Devaney, Patrick 1936-

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DEVANEY, Patrick 1936-


Born September 2, 1936, in County Roscommon, Ireland; naturalized U.S. citizen; son of Charles Luke (a farmer and rate collector) and Winifred Kate (a homemaker) Devaney; married Cheryl Leak (a homemaker), June 10, 1972; children: Clare, Catherine, Deirdre, Aileen, Conor. Ethnicity: "Irish." Education: Attended National University of Ireland, University College, Galway, 1954-57; City College of the City University of New York, B.A. (cum laude), 1968. Politics: "Liberal inclination." Religion: Roman Catholic. Hobbies and other interests: Observing wildlife, swimming, cycling, reading, theater, films.


Home—Virginia, County Cavan, Ireland.


Fischbach & Moore, Inc., New York, NY, electrical draftsman, 1958-69; County Kildare Vocational Education Committee, County Kildare, Ireland, post-primary teacher, 1969-2002; writer, 2002—.


Phi Beta Kappa.



Rua the Red Grouse, Irish Peatland Conservation Council (Dublin, Ireland), 1987.

The Stranger and the Pooka, Mentor Books (Dublin, Ireland), 1996.

The Psychic Edge, Mentor Books (Dublin, Ireland), 2000.

Tribal Scars, Mentor Books (Dublin, Ireland), 2004.


Searching for Updraughts (poetry), Cardinal Press (Maynooth, County Kildare, Ireland), 1997.

Through the Gate of Ivory (novel), Lilliput Press (Dublin, Ireland), 2003, Dufour Editions (Chester Springs, PA), 2003.

Swan Pendant (poetry), Justin Nelson Productions, 2005.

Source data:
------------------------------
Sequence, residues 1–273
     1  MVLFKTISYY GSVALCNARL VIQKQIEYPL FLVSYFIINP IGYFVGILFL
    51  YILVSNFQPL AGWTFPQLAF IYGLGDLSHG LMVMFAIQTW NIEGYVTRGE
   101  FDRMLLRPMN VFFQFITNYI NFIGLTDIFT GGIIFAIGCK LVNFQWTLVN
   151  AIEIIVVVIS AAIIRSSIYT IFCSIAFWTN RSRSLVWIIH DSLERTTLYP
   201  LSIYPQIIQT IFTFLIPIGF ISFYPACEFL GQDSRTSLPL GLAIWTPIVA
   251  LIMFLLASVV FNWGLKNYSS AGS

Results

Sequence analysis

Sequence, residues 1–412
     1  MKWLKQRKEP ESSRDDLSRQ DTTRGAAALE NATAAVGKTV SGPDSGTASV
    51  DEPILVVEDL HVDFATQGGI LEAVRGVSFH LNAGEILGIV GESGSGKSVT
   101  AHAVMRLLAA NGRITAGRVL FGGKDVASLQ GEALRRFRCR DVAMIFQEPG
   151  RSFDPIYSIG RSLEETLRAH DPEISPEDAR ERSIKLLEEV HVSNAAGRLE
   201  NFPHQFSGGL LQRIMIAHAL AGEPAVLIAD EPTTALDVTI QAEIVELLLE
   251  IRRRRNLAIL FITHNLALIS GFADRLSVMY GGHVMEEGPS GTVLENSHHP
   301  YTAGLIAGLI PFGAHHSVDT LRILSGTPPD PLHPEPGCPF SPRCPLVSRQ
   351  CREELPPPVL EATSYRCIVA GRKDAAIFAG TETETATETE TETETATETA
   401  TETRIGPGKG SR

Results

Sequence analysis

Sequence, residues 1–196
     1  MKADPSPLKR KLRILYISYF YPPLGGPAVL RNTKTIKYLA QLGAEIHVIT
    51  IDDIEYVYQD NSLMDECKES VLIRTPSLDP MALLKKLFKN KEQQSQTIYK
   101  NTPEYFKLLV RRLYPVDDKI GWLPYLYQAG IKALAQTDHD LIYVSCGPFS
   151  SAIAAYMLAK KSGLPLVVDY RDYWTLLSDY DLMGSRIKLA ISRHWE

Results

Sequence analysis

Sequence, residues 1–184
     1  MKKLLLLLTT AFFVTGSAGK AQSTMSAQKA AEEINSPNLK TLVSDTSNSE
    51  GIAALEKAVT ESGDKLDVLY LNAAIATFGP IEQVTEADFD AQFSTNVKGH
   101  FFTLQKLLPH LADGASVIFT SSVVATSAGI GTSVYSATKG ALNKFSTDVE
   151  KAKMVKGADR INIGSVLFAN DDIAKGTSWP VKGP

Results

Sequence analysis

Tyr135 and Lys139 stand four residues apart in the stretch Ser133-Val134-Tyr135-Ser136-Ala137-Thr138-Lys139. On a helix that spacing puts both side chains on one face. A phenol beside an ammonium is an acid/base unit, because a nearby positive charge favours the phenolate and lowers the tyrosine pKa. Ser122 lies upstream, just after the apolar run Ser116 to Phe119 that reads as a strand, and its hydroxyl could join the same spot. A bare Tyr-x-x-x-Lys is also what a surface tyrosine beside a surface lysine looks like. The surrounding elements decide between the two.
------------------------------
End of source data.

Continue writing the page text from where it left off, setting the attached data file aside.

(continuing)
Patrick Devaney told CA: "My interest in writing started while I was a boarder at Summerhill College in Sligo, where I composed verse for the amusement of classmates as well as my first published poems, 'Night in the Country' and 'Winter.' These were inspired by my delight in nature and by reading poets such as Wordsworth and Yeats. I continued to write occasional poems while attending Galway University and working in New York, where reading the poetry of Robert Frost was a particular pleasure. In New York I developed an interest in Irish myth and legend and attempted to write a humorous one-act play and a tragedy, 'Oona Bhawn.' My first published novel, Rua the Red Grouse, resulted from my interest in nature and conservation. Teaching provided the material for other teenage novels.

"My primary motivation in writing is a desire to preserve those moments of magic one experiences in nature, to highlight the threat to our environment and to transform the painful aspects of existence into something beautiful and enduring. I have also striven to explore the nature of Irish identity, which in the past has been bedeviled by colonial domination and religious division, and to depict the new multicultural Ireland that is now coming into being. In this regard, my latest novel for teenagers, Tribal Scars, has a hero whose father is a West African revolutionary and whose mother is an Irish eco-warrior."



Publishers Weekly, March 8, 2004, review of Through the Gate of Ivory, p. 51.